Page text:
There is something peculiar about our bodies with which we familiar: A person can toss and turn at night, until he finally finds a comfortable sleeping position. But soon after settling into that position, that exact position causes him discomfort, and he is forced to change to a new position. Conversely, a person may wake up in the morning and find his foot or arm in pain, yet the way to remove the pain is to use the limb—while there is initially greater pain, the pain will quickly subside. He can then use that limb in its regular way until he goes to sleep at night, and the next morning he is again in pain. In short, sometimes a repetitive action inflicts pain, and a change is in place.

Klal Yisroel was sent into galus because of their misuse of certain aspects of their lives. The places that they went to and the cultures they visited, had certain tendencies which made them feel uncomfortable, in order to force them to fortify themselves in the area in which they were deficient in their service of Hashem. Yet, every therapy has its price, and caused them pain in other areas, forcing them to move from place to place, similar to our “sleeper” trying to find the proper position. Yet in regards to that specific deficiency, the limb—or that attitude in the case of our galus—was rectified to a certain extent. However, Klal Yisroel’s general lack of proper service to Hashem forces HKBH to send us from one galus to the next, until we are properly healed and have gone through therapy for each of our deficiencies in avodas Hashem. Yes, the “sleeper” found a comfortable position—a place to work on his sleep—but when he becomes too complacent, enjoying it too much, he is woken from his slumber to redefine his next objective in making it through the long night—or the galus.

With this idea, we can possibly understand the words of this week’s parsha:

And Moses wrote their goings forth, stage by stage, by the commandment of Hashem; and these are their stages at their goings forth. (Bamidbar 33:2)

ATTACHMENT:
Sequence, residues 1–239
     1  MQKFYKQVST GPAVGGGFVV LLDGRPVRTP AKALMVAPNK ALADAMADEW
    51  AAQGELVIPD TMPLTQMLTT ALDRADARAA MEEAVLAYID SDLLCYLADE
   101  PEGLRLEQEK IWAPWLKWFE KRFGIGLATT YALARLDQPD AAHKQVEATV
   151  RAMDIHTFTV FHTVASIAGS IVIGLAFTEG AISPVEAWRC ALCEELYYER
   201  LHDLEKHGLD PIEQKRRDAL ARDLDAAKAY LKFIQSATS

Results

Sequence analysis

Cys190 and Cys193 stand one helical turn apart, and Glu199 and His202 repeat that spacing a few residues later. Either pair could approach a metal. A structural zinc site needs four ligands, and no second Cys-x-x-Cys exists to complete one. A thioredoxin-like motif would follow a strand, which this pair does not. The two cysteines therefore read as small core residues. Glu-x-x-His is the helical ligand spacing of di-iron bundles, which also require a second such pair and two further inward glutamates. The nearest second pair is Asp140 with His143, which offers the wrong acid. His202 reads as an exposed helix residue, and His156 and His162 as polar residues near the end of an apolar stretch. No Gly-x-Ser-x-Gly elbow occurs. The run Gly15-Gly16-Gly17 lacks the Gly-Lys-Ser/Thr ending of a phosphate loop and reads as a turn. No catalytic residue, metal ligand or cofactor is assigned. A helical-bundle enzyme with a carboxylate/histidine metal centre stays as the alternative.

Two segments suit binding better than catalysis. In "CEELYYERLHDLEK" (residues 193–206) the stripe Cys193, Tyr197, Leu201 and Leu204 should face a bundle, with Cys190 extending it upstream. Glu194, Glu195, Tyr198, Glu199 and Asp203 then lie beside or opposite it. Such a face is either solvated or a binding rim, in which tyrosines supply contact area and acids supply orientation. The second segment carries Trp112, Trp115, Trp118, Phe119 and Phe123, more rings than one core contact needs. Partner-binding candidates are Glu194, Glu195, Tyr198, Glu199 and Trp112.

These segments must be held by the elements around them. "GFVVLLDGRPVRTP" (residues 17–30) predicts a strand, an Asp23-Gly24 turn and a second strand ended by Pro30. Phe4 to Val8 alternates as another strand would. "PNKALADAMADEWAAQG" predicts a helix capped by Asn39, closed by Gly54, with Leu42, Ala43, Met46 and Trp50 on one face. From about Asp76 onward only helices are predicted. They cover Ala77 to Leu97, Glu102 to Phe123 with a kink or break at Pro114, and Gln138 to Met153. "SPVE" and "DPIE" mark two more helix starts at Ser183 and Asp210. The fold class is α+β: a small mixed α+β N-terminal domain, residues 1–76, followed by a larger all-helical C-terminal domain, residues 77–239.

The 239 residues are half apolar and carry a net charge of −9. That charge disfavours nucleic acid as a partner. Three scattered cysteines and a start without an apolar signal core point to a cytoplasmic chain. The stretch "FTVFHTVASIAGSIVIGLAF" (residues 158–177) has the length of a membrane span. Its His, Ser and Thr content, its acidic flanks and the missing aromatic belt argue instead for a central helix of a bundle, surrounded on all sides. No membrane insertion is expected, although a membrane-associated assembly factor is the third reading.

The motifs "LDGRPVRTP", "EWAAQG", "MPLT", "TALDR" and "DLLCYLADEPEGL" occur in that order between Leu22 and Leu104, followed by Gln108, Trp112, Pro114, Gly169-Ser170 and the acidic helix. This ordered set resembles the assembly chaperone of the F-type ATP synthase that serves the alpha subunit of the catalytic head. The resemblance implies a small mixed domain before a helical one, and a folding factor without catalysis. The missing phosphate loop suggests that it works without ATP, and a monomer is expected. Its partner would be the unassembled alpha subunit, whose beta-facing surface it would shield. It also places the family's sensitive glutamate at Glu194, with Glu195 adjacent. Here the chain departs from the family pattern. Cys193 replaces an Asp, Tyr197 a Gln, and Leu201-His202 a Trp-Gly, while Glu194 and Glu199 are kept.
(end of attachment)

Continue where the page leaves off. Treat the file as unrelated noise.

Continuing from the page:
The obvious question is why does the Torah reverse the order of the “goings forth” and the “stages” within the same pasuk and what is the purpose of both phrases? It seems to me that the answer is based on an idea that is brought down by the Chida based on the Mekubalim: The purpose of Klal Yisrael’s journey in the midbar was to infuse each of those places with the kedusha that was lacking there, hence their journey for them was a spiritual workout. The word “maasehim” – their personal travels—and for those places it was “motzaeihem” – it removed—the negative aspect of those places, and by doing so bringing the world to where it should be.

Our Rabbis teach us that this was the prototype for klal Yisrael’s journey through galus, too. We have to perfect ourselves through the difficulties of galus, and each move that we make is because the place we are in has to be “improved” and we too must improve ourselves in that specific environment.

It sometimes seems to us that our galus is endless and we are not accomplishing anything. Yet we believe that each stop and difficulty that we overcome brings us closer to our ultimate success. Yes, it was a long 40 years in the desert, but they endured and came to Eretz Yisrael. We too, after thousands of years, are much closer than ever before to our goal of finishing our galus, perfecting ourselves and the world around us. I would like to give a brocho to all of us as we read this parsha of the tribulation of klal Yisrael: chazak chazak v’nischazek! We can reach the end.